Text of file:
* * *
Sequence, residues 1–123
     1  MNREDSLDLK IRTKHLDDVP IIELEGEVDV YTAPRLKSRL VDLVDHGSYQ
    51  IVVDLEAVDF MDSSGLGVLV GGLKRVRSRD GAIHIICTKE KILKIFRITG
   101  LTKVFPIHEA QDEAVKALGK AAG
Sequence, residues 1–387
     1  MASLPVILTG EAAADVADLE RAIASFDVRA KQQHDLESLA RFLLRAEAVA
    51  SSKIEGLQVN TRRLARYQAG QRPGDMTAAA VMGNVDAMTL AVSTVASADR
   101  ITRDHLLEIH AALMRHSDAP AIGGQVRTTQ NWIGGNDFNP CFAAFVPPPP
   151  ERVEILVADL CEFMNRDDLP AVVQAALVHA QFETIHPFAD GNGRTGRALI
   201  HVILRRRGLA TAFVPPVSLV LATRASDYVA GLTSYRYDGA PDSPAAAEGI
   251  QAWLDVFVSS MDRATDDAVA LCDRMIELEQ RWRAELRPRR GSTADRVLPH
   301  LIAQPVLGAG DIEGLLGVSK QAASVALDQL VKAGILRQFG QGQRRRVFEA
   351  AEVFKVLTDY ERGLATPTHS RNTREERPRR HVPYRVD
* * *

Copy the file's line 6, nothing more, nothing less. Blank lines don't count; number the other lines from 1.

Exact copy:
     1  MASLPVILTG EAAADVADLE RAIASFDVRA KQQHDLESLA RFLLRAEAVA